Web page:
Skip to main content

HSBC buys out UK arm of collapsed Silicon Valley Bank for just £1


Tech firms have been handed a lifeline after HSBC stepped in to rescue the UK arm of the collapsed Silicon Valley Bank.

There had been fears UK businesses would have been massively impacted after US regulators shut down the bank on Friday, March 10.

HBSC bought the bank for just £1 and the deal was hammered out over the course of the night to be completed by the start of trading on Monday, March 13.

The deal involved no taxpayer money.

Read More: HSBC to close 114 banks in Britain from April 2023

Customers and businesses who were unable to withdraw funds will now be able to do so as usual.

The Treasury said the deal, which was hammered out with HSBC over the course of the night in order to be completed before trading resumed on Monday, involved no taxpayer money.

Silicon Valley Bank, which specialised in lending to technology companies, was the largest bank failure in the United States since 2008.

Its disintegration sent shockwaves through the tech industry due to the potential impact on businesses, with some firms telling the BBC that they could go bankrupt if deposits were not secured.

According to the government, money in the failed US bank is safe.

Read More: Butternut Box to create Europe’s largest pet food factory with HSBC UK backing

The agreement came after all-night talks involving chancellor Jeremy Hunt, the prime minister, the governor of the Bank of England, HSBC executives, and civil servants to find a solution before firms resumed trading on Monday morning.

The Bank of England said no other UK banks had been “materially affected” by SVB’s collapse and said the wider banking system remained “safe, sound, and well capitalised”.

Although SVB’s UK arm was small, with just over 3,000 business customers, its failure would have posed a risk to a sector that the government considers critical to the UK’s future economic success.

Read More: Marmalade of London eyes international expansion with HSBC backing

Mr. Hunt said such firms were often “fragile”.

He said: “Some of them only had bank accounts with SVB UK and so for that reason, we were faced with a situation where could have seen some of our most important companies, our most strategic companies, wiped out and that would have been extremely dangerous,”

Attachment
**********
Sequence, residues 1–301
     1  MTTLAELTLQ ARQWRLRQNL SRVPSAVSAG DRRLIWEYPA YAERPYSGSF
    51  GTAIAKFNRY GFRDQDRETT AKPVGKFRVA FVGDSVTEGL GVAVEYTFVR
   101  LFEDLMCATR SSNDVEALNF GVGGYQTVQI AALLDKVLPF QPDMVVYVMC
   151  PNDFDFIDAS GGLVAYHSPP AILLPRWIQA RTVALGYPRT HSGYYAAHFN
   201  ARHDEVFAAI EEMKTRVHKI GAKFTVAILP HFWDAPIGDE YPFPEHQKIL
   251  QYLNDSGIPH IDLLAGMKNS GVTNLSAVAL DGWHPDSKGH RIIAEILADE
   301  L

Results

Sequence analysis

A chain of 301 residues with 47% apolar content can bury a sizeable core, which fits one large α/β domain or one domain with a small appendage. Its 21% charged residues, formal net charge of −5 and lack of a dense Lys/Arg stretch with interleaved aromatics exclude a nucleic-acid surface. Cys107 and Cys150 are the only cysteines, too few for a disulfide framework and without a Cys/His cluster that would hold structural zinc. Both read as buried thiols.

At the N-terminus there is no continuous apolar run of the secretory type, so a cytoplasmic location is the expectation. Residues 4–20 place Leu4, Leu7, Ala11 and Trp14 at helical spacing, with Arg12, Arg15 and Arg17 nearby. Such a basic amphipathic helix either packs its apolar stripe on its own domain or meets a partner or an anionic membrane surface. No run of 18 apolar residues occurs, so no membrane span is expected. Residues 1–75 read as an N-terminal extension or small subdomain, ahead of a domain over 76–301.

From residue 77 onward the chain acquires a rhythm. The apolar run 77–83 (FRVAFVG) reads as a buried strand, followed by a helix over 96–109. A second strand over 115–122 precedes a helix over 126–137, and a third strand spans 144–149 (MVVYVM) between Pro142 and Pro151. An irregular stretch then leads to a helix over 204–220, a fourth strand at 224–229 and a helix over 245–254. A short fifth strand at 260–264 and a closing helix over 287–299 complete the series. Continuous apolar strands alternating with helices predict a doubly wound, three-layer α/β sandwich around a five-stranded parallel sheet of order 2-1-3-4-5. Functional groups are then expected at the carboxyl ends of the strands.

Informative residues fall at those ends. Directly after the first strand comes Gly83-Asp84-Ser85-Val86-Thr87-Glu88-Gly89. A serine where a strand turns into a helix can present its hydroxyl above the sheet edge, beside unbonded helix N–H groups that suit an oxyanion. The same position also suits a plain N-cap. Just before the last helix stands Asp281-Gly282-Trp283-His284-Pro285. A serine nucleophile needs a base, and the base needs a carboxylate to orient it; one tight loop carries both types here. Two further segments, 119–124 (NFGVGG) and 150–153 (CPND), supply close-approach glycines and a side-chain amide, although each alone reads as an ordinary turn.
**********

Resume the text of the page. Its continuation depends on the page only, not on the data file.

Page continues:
Mr. Hunt insisted there was “never a systemic risk to our financial stability in the UK”.

The deal was a “huge relief,” according to Sebastian Weidt, CEO of Universal Quantum, a tech company that employs about 40 people and holds all of its funds with SVB.

Read More: WHO’S GETTING WHAT? Rio Tinto, HSBC Bank, Barclays Bank

He told the BBC that the last 48 to 72 hours had been “unbelievably stressful,” and said while the company was working to mitigate the potential impact, a deal would have been “pretty detrimental to the entire sector” if one had not been reached.

Mr. Mather said:  “We had enough money in bank accounts outside the UK and enough revenue coming through each week from our customers that we could look our staff in the eyes at nine o’clock this morning and say we can make payroll in two weeks, but it would have been very uncertain from then.”

What went wrong at Silicon Valley Bank?

The rescue comes after the US agreed to a deal for customers in the US bank as well, with all depositors fully protected.

SVB specialised in lending to start-up businesses, and it served nearly half of the US venture-backed technology and healthcare companies that went public last year.

The company began in 1983 as a California bank.

But 30 years on, it was under pressure as higher interest rates made it more difficult for its customers to raise funds through private fundraising or share sales.

More customers were withdrawing deposits, a trend that accelerated last week.

Read More: Barclays to close 15 more branches this year

The bank collapsed on Friday after failing to raise enough capital to cover losses from the sale of assets, primarily US government bonds, that were impacted by higher interest rates.

The failure sparked fears of the demise of many smaller UK tech firms.

It led to more than 200 UK tech CEOs signing a letter to Mr. Hunt pleading for the government to intervene.

According to one source in a tech firm, the collapse could have affected 30 percent to 40 percent of UK start-ups employing up to 50,000 people.

But while the deal with HSBC has been widely received, the Bank of London – a UK clearing bank – said it was a “missed opportunity”.

Read More: Ex-Royal Mail boss believes postal service’s talks with the union have been poorly handled

The bank, which was among firms involved in early-stage talks and had put forward a rescue bid for SVB UK, said: “It cannot be right that, once again, the heritage banks that have provided a poor service to UK entrepreneurs over many years benefit from their already dominant position.”

Due to being much bigger, the failure of its US parent company was a much more dangerous situation.

This explains the approach taken there, where other US banks will help fund its rescue through banking deposit insurance schemes.